Dual Loyalties

My opinion on the people who shape our world

Sunday, September 26, 2004

Wolfowitz & Woolsey to Hold WW4 Forum In D.C. Sept. 29th

INTL News by Joe Broadhurst - Wolfowitz & Woolsey to Hold WW4 Forum In D.C. Sept. 29th: "Neocons Woolsey & Wolfowitz to hold psycho forum entitled 'World War IV: Why We Fight, Whom We Fight, How We Fight' on September 29th at the Mayflower Hotel in D.C.

Intro blurb on announcement:
The Cold War is now being called by some 'World War III' because it was global, had an ideological basis, involved both military and non-military actions, required skill and the mobilization of extensive resources and lasted for years. Today's 'war on terrorism' has the same elements, hence a broader name, 'World War IV.' Our speakers will explore its antecedents, its methods and its possible outcome.

Click 'read more' for more info...

FULL TEXT
by Steven C. Clemons (WashingtonNote)

JAMES WOOLSEY & CO. WILL OUTLINE WORLD WAR IV STRATEGIES at a forum scheduled two weeks from now on Wednesday, 29 September, at the Mayflower Hotel in Washington, D.C.

The forum is disconcertingly titled: 'World War IV: Why We Fight, Whom We Fight, How We Fight,' and is sponsored by the Committee on the Present Danger and the Foundation for the Defense of Democracies.

They won't let you in the door as the conference is being organized as a watering hole for like-minded supporters of the Iraq War and those committed to broadening America's military engagement with other 'problem nations' (think Iran and Syria). It runs from 8 a.m. until 4 p.m. in case you want to peek in the doors at the Mayflower; there are big open hallways there.

The intro blurb on the announcement reads:

The Cold War is now being called by some 'World War III' because it was global, had an ideological basis, involved both military and non-military actions, require"

Brookings Scholar: Martin S. Indyk

Brookings Scholar: Martin S. Indyk: "Martin S. Indyk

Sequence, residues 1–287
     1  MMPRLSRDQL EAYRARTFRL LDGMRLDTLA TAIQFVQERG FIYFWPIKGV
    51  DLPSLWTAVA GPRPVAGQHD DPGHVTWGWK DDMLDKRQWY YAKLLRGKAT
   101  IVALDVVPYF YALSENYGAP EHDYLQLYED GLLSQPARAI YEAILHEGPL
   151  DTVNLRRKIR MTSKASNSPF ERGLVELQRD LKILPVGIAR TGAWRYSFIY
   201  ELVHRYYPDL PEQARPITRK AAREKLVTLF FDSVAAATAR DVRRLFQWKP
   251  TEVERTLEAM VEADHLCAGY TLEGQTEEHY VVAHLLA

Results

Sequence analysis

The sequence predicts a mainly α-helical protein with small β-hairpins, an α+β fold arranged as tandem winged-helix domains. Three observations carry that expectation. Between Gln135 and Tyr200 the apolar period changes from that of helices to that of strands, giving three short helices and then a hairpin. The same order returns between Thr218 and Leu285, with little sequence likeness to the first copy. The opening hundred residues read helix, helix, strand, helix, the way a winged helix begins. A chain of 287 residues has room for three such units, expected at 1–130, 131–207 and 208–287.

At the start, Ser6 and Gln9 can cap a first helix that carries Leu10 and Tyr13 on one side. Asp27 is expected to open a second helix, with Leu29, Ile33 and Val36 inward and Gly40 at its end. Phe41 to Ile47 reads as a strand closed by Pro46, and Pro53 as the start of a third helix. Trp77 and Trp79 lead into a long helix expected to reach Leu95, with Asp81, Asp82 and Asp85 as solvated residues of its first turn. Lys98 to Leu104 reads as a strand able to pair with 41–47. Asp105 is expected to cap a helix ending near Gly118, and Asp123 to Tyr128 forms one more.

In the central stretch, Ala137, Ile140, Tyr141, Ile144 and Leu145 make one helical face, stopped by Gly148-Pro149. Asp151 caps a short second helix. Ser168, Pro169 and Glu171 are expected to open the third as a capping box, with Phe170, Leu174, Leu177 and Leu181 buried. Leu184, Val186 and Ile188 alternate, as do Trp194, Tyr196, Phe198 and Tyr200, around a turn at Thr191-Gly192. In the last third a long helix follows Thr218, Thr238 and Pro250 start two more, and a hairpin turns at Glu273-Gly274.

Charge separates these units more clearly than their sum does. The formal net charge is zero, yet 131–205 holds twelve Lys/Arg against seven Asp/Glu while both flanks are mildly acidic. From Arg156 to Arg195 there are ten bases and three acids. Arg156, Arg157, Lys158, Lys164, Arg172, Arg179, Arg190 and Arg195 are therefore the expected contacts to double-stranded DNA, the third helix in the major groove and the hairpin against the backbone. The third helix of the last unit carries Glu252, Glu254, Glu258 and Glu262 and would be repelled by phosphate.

Senior Fellow: Foreign Policy Studies
Director, Saban Center for Middle East Policy

One-Page Bio

Publications on this site



Expertise
Arab-Israeli conflict; Iraq, Iran, and the Persian Gulf; Libya, Algeria and North Africa

Current Projects
Clinton administration diplomacy in the Middle East
Education
Ph.D., Australian National University, 1977; B.Econ., University of Sydney, 1972

Background
Previous Positions: U.S. Ambassador to Israel (1995-97, 2000-01); Assistant Secretary of State for Near East Affairs, U.S. Department of State (1997-2000); Special Assistant to the President and Senior Director for Near East and South Asian Affairs, National Security Council (1993-95); Executive Director, Washington Institute for Near East Policy; Adjunct Professor, Johns Hopkins University


Publications


Books:

Contributions to Edited Volumes:



"The Post-War Balance of Power in the Middle East," After the Storm, Lessons from the Gulf War, J. Nye, ed. (Madison Books/Aspen Institute Books, 1992)

Articles:

"A Trusteeship for Palestine?" Foreign Affairs (May 2003)

"U.S. Victory in Iraq Opens Possibility of Palestinian-Israeli Settlement," Ronald W. Burke Forum, UCLA (4/9/03)

"Back to the Bazaar," Foreign Affairs (January 2002)

"U.S. Policy Toward Iran and Iraq: Symposium on Dual Containment," Middle East Policy (1994)

"America's Choice in the Middle East," The National Interest (Winter 1991)

"1991: A Watershed Year in the Middle East," Foreign Affairs (1991)

Congressional Testimony:
"The War on Terror and the Palestinian Intifadah," House Committee on International Relations: Subcommittee on the Middle East and South Asia, (September 25, 2001)"